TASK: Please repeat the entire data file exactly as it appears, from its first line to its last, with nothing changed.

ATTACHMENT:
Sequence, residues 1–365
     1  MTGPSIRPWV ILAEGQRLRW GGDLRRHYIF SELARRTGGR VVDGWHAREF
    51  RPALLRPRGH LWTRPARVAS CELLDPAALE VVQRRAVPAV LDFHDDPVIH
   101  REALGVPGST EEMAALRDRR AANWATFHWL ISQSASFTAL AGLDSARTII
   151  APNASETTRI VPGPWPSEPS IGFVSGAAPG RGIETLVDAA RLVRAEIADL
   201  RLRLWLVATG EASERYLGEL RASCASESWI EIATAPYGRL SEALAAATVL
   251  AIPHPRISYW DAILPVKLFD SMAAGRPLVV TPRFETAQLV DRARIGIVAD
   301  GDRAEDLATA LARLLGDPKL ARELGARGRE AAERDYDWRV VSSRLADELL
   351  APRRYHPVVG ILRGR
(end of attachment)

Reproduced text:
Sequence, residues 1–365
     1  MTGPSIRPWV ILAEGQRLRW GGDLRRHYIF SELARRTGGR VVDGWHAREF
    51  RPALLRPRGH LWTRPARVAS CELLDPAALE VVQRRAVPAV LDFHDDPVIH
   101  REALGVPGST EEMAALRDRR AANWATFHWL ISQSASFTAL AGLDSARTII
   151  APNASETTRI VPGPWPSEPS IGFVSGAAPG RGIETLVDAA RLVRAEIADL
   201  RLRLWLVATG EASERYLGEL RASCASESWI EIATAPYGRL SEALAAATVL
   251  AIPHPRISYW DAILPVKLFD SMAAGRPLVV TPRFETAQLV DRARIGIVAD
   301  GDRAEDLATA LARLLGDPKL ARELGARGRE AAERDYDWRV VSSRLADELL
   351  APRRYHPVVG ILRGR